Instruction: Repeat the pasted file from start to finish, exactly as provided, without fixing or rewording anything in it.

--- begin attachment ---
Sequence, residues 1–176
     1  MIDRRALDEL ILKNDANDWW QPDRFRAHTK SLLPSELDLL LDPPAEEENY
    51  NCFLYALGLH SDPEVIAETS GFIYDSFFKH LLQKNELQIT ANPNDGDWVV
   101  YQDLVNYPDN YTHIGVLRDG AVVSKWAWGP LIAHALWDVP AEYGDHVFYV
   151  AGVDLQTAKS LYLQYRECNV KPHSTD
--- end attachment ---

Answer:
Sequence, residues 1–176
     1  MIDRRALDEL ILKNDANDWW QPDRFRAHTK SLLPSELDLL LDPPAEEENY
    51  NCFLYALGLH SDPEVIAETS GFIYDSFFKH LLQKNELQIT ANPNDGDWVV
   101  YQDLVNYPDN YTHIGVLRDG AVVSKWAWGP LIAHALWDVP AEYGDHVFYV
   151  AGVDLQTAKS LYLQYRECNV KPHSTD